• Plumbing: Discover the type of drinking water source your potential future home has (like public, private or well, for example). Also learn if there have been any defects to the water system (or systems) or plumbing leaks for as long as the owner has had the property.
  • Roof: The seller is required to share if they are aware of any roof-related issues, including leaks, repairs, replacements or anything else. The owner is also required to disclose the age of the roof.
  • Sinkholes: You might learn that a home could have had settling or sinkhole issues – sometimes it’s not the house you’re looking to buy but homes near it.
  • Homeowner information: A seller is required to share information about the homeowner’s association requirements or other similar membership requirements for buying a home. You’ll also learn about any boundary or access road concerns. For instance, if the property you’re looking to buy shares any walls, fences or features with adjoining properties.
  • Environmental concerns: Homes built before 1978 are legally required to give potential buyers disclosures about lead-based paint. You’ll also learn about other types of environmental hazards, like asbestos, mold, defective drywall, contaminated soil and other concerns.
  • Governmental claims: Sellers are required to disclose administrative claims against the property as well as any claims brought up from municipal or county assessments. If the seller knows of any litigation or claim, the buyer has a right to know it as well. The seller is required to share information about permits pulled on the home, whether by them or previous owners.

Seller’s disclosures can vary based on where you live. Different laws exist at the state and local level. You might have other disclosure information included in yours that isn’t listed here. 

How Do I Find Out About Home Disclosures?

Since disclosures are different by state, county and jurisdiction, you may need to pay the city office a visit. When you visit your city’s building services department, you’ll learn about records, permits and build inspections for your potential home.

You can also ask your real estate agent or attorney for the home disclosure. The seller’s agent or attorney should have a copy of the real estate disclosure for you after an offer to buy the home is agreed upon by both parties.

A disclosure is not the same as a home inspection. A disclosure is a form provided by the seller detailing the seller’s best knowledge about their home and any potential issues. A home inspection is done by a licensed professional that checks every area of the home. Those areas are included in a home disclosure, but issues might be found that a seller either didn’t know about or didn’t share in the disclosure form. If a seller deliberately hides information about defects in the property, you as a buyer have a right to legal action.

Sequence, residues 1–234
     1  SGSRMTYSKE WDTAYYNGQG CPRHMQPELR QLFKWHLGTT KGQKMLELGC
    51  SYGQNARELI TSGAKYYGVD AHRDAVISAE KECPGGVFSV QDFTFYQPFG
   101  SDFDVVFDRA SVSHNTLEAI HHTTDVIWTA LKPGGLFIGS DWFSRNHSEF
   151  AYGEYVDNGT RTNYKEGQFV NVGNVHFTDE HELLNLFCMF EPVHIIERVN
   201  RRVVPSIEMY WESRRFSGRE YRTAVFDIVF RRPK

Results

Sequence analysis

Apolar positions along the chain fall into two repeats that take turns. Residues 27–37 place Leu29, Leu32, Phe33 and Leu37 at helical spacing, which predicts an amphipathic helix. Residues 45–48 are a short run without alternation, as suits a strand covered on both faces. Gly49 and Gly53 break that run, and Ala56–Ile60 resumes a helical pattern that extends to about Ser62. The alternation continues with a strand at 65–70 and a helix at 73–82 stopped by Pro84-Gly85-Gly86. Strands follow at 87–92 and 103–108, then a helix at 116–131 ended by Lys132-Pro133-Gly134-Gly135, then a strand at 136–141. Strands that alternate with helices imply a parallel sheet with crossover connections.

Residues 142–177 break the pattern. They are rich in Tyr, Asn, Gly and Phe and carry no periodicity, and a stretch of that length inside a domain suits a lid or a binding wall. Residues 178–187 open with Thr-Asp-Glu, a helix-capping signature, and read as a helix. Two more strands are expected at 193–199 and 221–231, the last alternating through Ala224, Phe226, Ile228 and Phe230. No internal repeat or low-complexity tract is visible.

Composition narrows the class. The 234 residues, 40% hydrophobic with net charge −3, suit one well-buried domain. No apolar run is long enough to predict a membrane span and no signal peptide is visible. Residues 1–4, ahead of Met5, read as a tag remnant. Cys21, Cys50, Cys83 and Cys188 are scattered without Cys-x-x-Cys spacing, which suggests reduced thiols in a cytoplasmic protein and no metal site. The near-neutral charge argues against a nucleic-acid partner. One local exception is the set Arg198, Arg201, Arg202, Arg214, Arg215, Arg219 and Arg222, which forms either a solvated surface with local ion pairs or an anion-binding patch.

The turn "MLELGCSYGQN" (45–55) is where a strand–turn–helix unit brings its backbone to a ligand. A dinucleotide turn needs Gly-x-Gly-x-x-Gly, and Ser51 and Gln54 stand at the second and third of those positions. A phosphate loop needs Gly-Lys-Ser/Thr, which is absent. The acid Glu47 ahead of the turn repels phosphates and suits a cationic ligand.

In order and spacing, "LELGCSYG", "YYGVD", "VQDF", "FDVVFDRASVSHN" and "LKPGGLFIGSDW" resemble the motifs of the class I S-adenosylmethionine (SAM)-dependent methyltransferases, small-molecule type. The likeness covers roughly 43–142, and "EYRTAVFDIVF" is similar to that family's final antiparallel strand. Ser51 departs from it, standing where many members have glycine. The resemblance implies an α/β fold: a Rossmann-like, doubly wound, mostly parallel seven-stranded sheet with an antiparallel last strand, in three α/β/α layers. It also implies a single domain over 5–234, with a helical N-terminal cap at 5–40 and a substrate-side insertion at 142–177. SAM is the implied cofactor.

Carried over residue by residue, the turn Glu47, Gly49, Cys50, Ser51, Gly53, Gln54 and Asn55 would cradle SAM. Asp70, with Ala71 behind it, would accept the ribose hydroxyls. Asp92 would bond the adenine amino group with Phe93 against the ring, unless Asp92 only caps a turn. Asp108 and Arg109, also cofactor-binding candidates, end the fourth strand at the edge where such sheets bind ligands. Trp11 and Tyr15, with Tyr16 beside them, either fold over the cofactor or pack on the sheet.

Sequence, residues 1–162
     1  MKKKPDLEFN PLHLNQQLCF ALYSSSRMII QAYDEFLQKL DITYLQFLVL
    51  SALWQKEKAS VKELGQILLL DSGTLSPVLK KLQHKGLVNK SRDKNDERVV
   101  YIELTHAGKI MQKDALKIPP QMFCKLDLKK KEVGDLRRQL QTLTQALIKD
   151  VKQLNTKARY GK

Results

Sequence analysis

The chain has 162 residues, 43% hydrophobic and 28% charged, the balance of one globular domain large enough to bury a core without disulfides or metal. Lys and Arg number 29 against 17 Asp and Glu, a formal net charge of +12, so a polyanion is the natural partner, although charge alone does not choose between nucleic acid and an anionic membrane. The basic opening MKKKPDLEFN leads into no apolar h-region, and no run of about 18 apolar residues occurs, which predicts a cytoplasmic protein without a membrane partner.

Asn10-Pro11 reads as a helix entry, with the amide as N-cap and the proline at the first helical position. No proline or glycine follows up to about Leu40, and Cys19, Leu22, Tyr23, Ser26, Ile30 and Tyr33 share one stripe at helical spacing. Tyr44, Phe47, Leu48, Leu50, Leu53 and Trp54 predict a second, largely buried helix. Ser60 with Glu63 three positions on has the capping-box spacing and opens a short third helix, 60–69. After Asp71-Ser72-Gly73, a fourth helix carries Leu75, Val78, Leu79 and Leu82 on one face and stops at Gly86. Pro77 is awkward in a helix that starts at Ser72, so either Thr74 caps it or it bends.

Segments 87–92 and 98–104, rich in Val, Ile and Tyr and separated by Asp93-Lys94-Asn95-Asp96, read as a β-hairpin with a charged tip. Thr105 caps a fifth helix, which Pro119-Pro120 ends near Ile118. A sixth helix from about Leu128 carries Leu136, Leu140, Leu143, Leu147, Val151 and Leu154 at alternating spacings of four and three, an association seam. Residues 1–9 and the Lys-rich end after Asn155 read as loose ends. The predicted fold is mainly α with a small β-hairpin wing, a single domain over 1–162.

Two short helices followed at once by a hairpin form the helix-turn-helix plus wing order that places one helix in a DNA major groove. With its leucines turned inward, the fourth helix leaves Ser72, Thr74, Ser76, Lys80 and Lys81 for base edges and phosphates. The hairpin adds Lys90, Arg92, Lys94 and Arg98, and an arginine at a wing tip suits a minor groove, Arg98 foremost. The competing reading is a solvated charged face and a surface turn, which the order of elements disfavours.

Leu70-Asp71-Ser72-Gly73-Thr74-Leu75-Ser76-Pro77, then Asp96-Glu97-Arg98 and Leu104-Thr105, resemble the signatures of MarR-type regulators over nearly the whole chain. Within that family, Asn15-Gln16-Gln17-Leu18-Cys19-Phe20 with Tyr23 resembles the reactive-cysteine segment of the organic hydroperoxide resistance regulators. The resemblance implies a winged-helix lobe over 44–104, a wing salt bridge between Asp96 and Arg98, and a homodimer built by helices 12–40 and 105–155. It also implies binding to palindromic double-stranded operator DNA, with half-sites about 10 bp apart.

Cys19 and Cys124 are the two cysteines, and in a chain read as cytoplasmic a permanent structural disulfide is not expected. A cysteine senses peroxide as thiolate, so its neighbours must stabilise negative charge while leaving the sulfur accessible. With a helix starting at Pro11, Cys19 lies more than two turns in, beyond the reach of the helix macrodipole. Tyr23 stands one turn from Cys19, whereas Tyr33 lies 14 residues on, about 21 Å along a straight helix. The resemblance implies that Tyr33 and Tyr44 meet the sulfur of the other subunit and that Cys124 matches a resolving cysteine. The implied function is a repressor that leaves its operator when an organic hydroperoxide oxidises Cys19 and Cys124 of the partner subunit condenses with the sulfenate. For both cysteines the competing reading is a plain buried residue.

A home inspection might reveal issues that need to be addressed before a buyer can close on a home. For instance, outdated electrical panels may require the seller to replace the unit in order for the seller can get home insurance. Structural issues, including the roof, might require the seller to pay for updates or repairs before going through with a home closing. This might push back the potential closing date. But without home insurance, you may not be able to buy the home. A disclosure paired with a home inspection can be the determining factors in getting the best house for you.If you’re looking to sell your home and want to make sure you have the proper paperwork in place, use our tools to get started. If you’re considering selling your home by yourself, it’s important to make sure you have what you need ready to go. Real estate forms, including a seller’s disclosure and a lead paint disclosure, are great starting points.


How To Market Your Home When Selling It Yourself

If you’re thinking about selling your home for sale by owner, the idea of saving money on agent fees probably sounds pretty nice. However, unless you live in a hot real estate market, there can be challenges when selling your home without the help of a professional. But with a little knowledge and a strong real estate marketing plan, selling your own home can be a very manageable task.

Why Would I Want To Sell My Home By Owner?

Before we go into some of the different real estate marketing techniques for selling your own home, let’s talk a little more about why you want to go down this path in the first place. The major reason might be to keep more money in your pocket after the sale.

When you sell a home, the typical commission is 5% – 6% of the home’s selling price. This amount is split between the buyer’s agent and the selling agent. However, if you choose to sell your own home, you’re cutting that commission in half by eliminating the selling agent’s fees.

For example, let’s consider a $300,000 home where there is a 5% commission split evenly. If you hired an agent to sell your home, the total commission would be $15,000. But if you choose to sell the house yourself, the commission would be $7,500 to the buyer’s agent. That’s $7,500 back in your pocket.

How Can I Sell My House Quickly?

Selling a home by owner can be a difficult task, but it can be even harder if the owner is on a time crunch. If you’re looking to sell your home quickly, act fast and follow these steps.

Make Your Home Look Picture Perfect

If you want to sell your home, it’s important for it to look picture-perfect to potential buyers. Start fixing up your home’s interior appearance by giving it a deep clean. Remove clutter and unwanted items, and make sure to organize everything you leave in the house. It might be smart to get a storage unit to remove items that would take up unnecessary space in your home.